Figure 3 shows a typical time series of MTC_Height and extracted toe height at mean MTC_Time for non-MTC gait cycles from a young and an older participant during preferred walking condition. The figure illustrates that toe-ground clearances extracted at mean MTC_Time in non-MTC gait cycles were characteristically higher than MTC_Heights. Compared to the younger person, the older participant frequently demonstrated multiple consecutive non-MTC gait cycles. When all three conditions were combined for both groups separately, mean toe height extracted at mean MTC_Time was significantly greater than MTC_Height mean (young: t19 = −4.56, p < 10−3; older: t31 = −8.01, p < 10−8). Further, Fig. 4 presents the mean MTC_Height and mean toe height extracted at mean MTC_Time in the gait cycles which did not demonstrate an MTC event in different walking conditions for both young and older groups. For both young and older mean toe height extracted at mean MTC_Time were greater than mean MTC_Height in all the conditions, except for young in preferred walking.
Fig. 3

Typical time series of MTC_Height (continuous line) and extracted toe heights at the mean MTC_Time for non-MTC gait cycles (dotted line) during preferred walking for a young (a) and an older (b) participant. The number of gait cycles for the two participants differed due to self selected walking speed, cadence and stride length

Fig. 4

Young and older groups’ mean MTC_Height and mean extracted toe height at mean MTC_Time for non-MTC gait cycles for preferred speed walking (PW), dual task walking: while holding a glass of water (DW) and matched at DW speed without a glass of water (DW). The error bars represent ± 1SD and *denotes the significant t-test comparisons (p < 0.05) between mean MTC_Height and mean toe height at mean MTC_Time for non-MTC gait cycles

Discussion

Age and dual task effects on MTC characteristics

Consistent with previous findings [21] in dual task walking both young and older groups reduced their walking speed. In contrast to preferred gait that showed no significant difference in speed between age groups, the older group walked significantly slower in dual task walking (0.53 m/s; young 0.42 m/s; p < 10−3). In the present study, therefore, speed-matched control walking condition was included to determine the divided attention effects independent of speed. Comparing the present findings with previous work is problematic because many studies of dual task effects on MTC [16] did not control walking speed. Consistent with previous studies [1214], no age effects were found for mean MTC_Height in preferred walking condition. As hypothesised, young adults preserved MTC_Height across walking conditions but contrary to expectation older adults also maintained toe-ground clearance independent of walking task. This finding is interesting in suggesting that in response to the challenge posed by dividing attention, older pedestrians remained safe not by increasing MTC_Height as hypothesised but, as with their younger counterparts, by preserving habitual toe-ground clearance.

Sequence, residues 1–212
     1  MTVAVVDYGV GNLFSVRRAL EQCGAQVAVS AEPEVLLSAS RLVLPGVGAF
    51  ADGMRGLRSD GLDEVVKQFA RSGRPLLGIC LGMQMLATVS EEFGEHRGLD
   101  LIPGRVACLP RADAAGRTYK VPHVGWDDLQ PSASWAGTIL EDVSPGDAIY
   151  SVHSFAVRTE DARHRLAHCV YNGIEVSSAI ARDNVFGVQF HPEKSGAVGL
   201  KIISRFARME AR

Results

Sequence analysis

MTC_Height SD (variability) in preferred walking was significantly greater for the older group, usually interpreted as indicating diminished gait control [12, 13]. Most important, as hypothesized, in the older group MTC_Height SD in dual task walking (3.5 mm) was significantly lower than MTC_Height SD at preferred speed (5.8 mm). In the speed-matched control task however, MTC_Height SD was not different from preferred gait, confirming the effects of dividing attention independent of walking speed. Furthermore, the older group’s MTC_Height SD in dual task walking matched the young group’s dual task MTC_Height SD which was also the lowest of the three walking tasks. The above findings suggest that in response to increased attention demands older adults adopt a strategy of reducing MTC_Height variability but preserving MTC_Height consistent with everyday walking speed.

The present findings also uncovered lower limb control characteristics reflected in MTC timing, less frequently reported in the literature. It was hypothesised that older adults would reduce MTC_Time when dividing attention but contrary to expectation MTC_Time was not affected by age. When walking more slowly in the dual-task manipulation and speed-matched control both groups reduced MTC_Time; implying an effect of speed but not attention. This comparison emphasise the importance of speed matched control trial. Significantly higher MTC_Time variability (SD) in the older group across the walking conditions, suggested weaker MTC_Time control. In dual task walking however, older adults’ MTC_Time variability (1.6 %) approximated the young groups’ variability (1.5 %), supporting the hypothesis that it was important for the older group to precisely control MTC_Time when attention demands were high. In summary in response to increased attention demands, compared to preferred gait, the older group preserved MTC_Height but controlled the MTC event more by reducing variability in height and timing.